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GOP Staffers Deny Partisan Motives In Drawing Legislative Districts

Aides Offer Testimony In Federal Trial On 2011 Redistricting

Wisconsin State Capitol
Phil Roeder (CC-BY)

Republican aides who drew Wisconsin’s legislative map downplayed any partisan motive in court on Wednesday, even as a panel of federal judges was shown evidence that GOP leaders prioritized a map that made it much harder for Democrats to win elections.

The Democratic voters suing to overturn the map argue it violates their constitutional rights because it treats them unequally based on their political beliefs. Central to their challenge is proving Republicans intended to gain a political edge when they redrew the boundaries for Wisconsin’s 99 Assembly districts and 33 Senate districts in 2011.

Documents presented to the court show Republicans created a partisan “score” for each Assembly district and ultimately chose a map that’s nearly identical to one they had labeled “aggressive.” It created 59 majority Republican districts, an increase of 10 compared to Wisconsin’s previous map. Other options, which would have created fewer Republican seats, were rejected.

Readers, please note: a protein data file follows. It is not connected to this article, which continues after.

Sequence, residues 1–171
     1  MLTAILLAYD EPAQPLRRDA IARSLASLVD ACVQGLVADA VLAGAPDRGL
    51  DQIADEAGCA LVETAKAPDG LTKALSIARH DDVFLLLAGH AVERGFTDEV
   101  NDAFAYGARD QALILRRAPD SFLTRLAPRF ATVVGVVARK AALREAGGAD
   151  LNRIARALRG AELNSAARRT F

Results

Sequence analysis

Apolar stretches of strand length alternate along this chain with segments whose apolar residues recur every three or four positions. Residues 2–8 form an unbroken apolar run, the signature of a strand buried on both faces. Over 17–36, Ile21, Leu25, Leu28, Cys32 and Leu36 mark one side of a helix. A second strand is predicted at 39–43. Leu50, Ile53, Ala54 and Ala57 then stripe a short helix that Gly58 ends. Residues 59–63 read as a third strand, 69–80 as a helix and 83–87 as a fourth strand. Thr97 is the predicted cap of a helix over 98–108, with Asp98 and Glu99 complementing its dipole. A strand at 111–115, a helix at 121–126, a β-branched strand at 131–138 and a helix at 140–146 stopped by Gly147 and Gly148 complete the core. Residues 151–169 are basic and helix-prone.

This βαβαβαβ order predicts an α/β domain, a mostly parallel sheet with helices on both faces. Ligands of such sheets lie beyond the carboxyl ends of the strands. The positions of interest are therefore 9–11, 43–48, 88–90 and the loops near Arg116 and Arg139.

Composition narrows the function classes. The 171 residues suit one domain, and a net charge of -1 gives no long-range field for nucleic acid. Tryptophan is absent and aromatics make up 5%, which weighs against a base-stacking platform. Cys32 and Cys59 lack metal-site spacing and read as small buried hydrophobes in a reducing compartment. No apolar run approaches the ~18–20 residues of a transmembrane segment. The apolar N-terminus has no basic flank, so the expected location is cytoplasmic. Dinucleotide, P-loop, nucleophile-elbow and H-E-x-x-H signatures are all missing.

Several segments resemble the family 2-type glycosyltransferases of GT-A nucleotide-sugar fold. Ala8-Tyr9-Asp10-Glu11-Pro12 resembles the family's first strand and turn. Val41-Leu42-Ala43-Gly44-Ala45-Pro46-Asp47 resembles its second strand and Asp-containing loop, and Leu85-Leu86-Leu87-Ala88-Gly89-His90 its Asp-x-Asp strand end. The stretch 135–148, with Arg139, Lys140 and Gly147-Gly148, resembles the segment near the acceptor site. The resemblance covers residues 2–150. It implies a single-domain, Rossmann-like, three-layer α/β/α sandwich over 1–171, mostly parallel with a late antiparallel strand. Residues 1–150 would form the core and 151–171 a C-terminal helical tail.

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But when pressed in court on why Republicans made the choices they did, Tad Ottman, who oversaw redistricting for Senate Majority Leader Scott Fitzgerald, chose his words carefully.

“What did the word ‘aggressive’ mean?’” asked attorney Peter Earle, one of the lawyers representing the Democratic plaintiffs in this case.

“I don’t know,” replied Ottman, who said partisan data was just one piece of data mapmakers included when they drew these plans. “That was just information we presented to legislative leaders.”

On Tuesday, the court heard from Republican legislative aide Adam Foltz, who oversaw redistricting for the State Assembly in 2011. Foltz was similarly guarded in his testimony.

During opening arguments in the case, plaintiffs’ attorney Nick Stephanopolus told the court that Republicans had created “an extreme and durable gerrymander” that would continue to exclude Democrats from the political process unless the federal courts intervened. The Wisconsin Department of Justice, which is defending the map, said it wasn’t anything beyond what would be expected when a partisan body redistricts.

What makes this case unique among other redistricting challenges nationally is that plaintiffs have developed a new metric to measure just how much a map benefits one party at the expense of the other. If the three-judge panel hearing this case accepts that measure, they could order the current legislative boundaries to be thrown out, and order a new map drawn.

Whatever gets decided in this case will likely be appealed to the U.S. Supreme Court, where Justice Anthony Kennedy has indicated a willingness to intervene if someone can come up with a workable test to measure partisan gerrymandering.